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14 Jan

Ideas about Berkeley

Berkeley, in his lifetime, was regarded as a disciple of Malebranche. Subsequently he came to be regarded as a Lockian. The new opinion was a natural growth. In the course of time British acquaintance with Malebranche sank, and the fame of Berkeley rose. National sentiment adopted him as the English philosopher in succession to Locke. It may therefore be in place here to mention the danger of over-estimating the degree to which the young Berkeley was anglicized.

There are two national sentiments to be considered, and to hold the balance is not easy. To speak of him, without qualification, as an English philosopher cannot be right. Leslie Stephen’s statement ‘Berkeley always considered himself an Englishman’, is misleading, if not mistaken. Berkeley was born and bred in Ireland. His education was entirely Irish. He speaks of himself as an Irishman several times in the Commonplace Book. Newton to him was ‘a philosopher of a neighbouring nation’. As with many his sentiments were necessarily mixed and his loyalties divided. But credit must go where it is due. Berkeley’s system in so far as it forms part of the heritage of international philosophy was complete before he set foot in England, and in England he wrote little or no philosophy.

The changing views of Berkeley’s influences and nationality. From A. A. Luce (1934) Berkeley and Malebranche, Oxford University Press, pp. 10-11. (archive.org)

12 Jan

Burke: no conservative?

Conservatives have either ignored Burke’s support for colonial rebellion, or maintained that his career was split between two phases: an early period of support for the ‘liberal’ cause of America and a later ‘conservative’ reaction to the Revolution in France. Burke certainly changed his opinions over the course of his career, but these shifts cannot be captured by presuming a contradiction between his support for American resistance and his aversion to the revolution in France. Representations of Burke as a renegade from early idealism are based on the dogmatic assumption that the American and French revolutions were fundamentally ‘the same’. Yet for Burke these two events were absolutely different, and in fact he had good reasons for insisting on their difference.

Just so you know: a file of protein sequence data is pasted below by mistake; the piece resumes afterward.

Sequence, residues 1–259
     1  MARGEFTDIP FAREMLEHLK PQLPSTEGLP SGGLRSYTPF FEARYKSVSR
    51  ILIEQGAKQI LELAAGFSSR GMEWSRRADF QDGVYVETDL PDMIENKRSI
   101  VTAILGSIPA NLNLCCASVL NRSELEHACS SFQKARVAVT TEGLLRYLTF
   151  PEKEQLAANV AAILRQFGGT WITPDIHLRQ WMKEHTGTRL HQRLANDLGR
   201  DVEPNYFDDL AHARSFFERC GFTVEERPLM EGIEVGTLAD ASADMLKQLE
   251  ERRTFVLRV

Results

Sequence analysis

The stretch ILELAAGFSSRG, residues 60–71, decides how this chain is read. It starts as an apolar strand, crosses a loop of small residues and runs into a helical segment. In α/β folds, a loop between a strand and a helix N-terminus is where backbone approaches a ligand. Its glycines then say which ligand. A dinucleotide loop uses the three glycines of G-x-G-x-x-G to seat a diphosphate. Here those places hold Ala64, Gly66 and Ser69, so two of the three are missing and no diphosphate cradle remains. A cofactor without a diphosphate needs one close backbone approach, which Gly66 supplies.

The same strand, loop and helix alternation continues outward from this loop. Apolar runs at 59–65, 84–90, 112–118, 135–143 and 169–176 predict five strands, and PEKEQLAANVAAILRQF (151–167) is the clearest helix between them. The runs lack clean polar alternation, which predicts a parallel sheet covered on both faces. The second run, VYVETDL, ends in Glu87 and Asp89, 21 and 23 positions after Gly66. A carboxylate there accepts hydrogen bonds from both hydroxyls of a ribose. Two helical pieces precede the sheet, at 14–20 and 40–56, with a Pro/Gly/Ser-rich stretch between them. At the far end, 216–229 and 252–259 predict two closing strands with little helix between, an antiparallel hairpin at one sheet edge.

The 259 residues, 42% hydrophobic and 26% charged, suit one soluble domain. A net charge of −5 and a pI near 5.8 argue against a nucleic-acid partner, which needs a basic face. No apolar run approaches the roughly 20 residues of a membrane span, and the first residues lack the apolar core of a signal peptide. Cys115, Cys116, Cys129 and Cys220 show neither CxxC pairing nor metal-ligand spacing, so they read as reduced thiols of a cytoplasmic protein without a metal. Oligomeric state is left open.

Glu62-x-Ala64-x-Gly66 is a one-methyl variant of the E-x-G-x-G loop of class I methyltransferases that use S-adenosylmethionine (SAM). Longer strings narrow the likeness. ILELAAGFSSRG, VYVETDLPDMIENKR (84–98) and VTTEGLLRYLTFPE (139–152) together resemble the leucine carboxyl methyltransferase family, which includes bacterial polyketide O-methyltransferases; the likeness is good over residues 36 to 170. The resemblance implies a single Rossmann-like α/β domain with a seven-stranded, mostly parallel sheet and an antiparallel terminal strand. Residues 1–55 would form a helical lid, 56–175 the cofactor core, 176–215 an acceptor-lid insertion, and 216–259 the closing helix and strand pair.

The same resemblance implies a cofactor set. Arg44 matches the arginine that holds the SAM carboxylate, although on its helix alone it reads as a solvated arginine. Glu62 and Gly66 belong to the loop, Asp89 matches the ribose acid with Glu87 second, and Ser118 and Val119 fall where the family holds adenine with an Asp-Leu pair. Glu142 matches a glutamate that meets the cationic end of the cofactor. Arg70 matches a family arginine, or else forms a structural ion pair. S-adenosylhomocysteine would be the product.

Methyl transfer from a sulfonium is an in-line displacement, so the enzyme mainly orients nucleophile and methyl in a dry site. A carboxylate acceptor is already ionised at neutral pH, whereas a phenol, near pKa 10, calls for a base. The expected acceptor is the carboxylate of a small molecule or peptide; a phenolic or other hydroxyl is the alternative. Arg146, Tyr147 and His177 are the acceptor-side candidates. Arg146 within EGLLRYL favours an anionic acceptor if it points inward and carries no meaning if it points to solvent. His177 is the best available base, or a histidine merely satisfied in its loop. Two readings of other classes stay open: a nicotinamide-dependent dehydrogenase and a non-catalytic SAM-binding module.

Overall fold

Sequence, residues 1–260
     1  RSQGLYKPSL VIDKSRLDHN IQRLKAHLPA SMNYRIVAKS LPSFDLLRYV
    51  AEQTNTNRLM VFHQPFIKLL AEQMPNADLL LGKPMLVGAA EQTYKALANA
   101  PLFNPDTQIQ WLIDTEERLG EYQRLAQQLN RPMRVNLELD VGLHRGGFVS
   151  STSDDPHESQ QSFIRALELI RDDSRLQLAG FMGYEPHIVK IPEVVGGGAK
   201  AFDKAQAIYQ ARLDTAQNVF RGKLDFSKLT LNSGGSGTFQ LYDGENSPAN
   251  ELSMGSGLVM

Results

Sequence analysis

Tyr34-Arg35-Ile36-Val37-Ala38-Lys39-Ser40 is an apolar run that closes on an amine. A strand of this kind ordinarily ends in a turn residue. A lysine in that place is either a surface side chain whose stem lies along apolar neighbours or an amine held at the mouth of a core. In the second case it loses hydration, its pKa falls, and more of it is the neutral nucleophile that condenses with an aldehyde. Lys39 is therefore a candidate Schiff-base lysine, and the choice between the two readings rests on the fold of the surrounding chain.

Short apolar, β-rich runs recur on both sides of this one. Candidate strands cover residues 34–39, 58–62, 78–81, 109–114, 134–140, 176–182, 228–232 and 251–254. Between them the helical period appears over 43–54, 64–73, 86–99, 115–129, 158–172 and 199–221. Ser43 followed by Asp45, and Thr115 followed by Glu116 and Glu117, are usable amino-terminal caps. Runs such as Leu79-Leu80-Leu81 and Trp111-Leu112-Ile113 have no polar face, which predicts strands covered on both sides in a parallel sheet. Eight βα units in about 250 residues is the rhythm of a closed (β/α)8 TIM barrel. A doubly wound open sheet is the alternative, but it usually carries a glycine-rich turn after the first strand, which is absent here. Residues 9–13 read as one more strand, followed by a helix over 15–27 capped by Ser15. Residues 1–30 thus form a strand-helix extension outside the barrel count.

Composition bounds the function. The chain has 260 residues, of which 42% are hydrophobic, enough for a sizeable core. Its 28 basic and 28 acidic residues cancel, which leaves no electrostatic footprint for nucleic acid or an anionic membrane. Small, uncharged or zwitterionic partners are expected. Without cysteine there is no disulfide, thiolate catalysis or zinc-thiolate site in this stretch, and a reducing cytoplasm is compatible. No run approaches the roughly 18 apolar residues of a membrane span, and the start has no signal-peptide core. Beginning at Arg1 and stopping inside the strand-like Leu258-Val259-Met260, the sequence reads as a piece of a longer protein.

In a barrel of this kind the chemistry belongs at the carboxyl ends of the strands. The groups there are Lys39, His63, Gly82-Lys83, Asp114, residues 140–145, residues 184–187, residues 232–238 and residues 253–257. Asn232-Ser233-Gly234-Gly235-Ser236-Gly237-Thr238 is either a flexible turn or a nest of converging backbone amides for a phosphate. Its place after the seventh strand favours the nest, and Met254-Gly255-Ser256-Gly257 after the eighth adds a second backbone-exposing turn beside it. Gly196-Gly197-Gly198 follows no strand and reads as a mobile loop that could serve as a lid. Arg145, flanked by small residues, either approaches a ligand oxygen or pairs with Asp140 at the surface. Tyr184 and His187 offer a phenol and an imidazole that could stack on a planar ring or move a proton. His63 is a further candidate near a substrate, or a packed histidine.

from Richard Bourke (2015) “Burke was no conservative” in Aeon Magazine (online).

06 Jan

Hanna Sheehy-Skeffington: Feminist Republican

Prof Bryan Fanning (2015) “Hanna Sheehy-Skeffington: Feminist Republican”, UCD Youtube.

For more on Hanna Sheehy-Skeffington, see Women’s Museum of Ireland: Hanna Sheehy-Skeffington (includes links to other resources), the review of the 1999 “Hanna Sheehy Skeffington: a Life” by Margaret Ward on History Ireland, and Margaret Ward (on Hanna’s House) The Political Career of Hanna Sheehy Skeffington – Challenging Feminism and Republicanism (pdf).

04 Jan

“Too Gentle a Soul”: James Ussher

A historian, a scholar and a key figure in the religious debates of the 16th century, Ussher was born in Dublin (either on Nicholas St[1] or 57 High St[2] across from the old Christchurch Synod Hall) on the 4th January 1581 and baptised in the Church of Ireland St Nicholas Within. He was born into a prosperous merchant family, but one that was torn by the religious divisions of the time. Most of the Usshers conformed to the Church of Ireland, notably Henry Ussher, Church of Ireland archbishop of Armagh from 1595 to 1613, who played an important role in the creation of Trinity College, Dublin in 1592. His mother remained Catholic; her brother was the famous historian Richard Stanyhurst (1547-1618), in later life a Jesuit priest [3].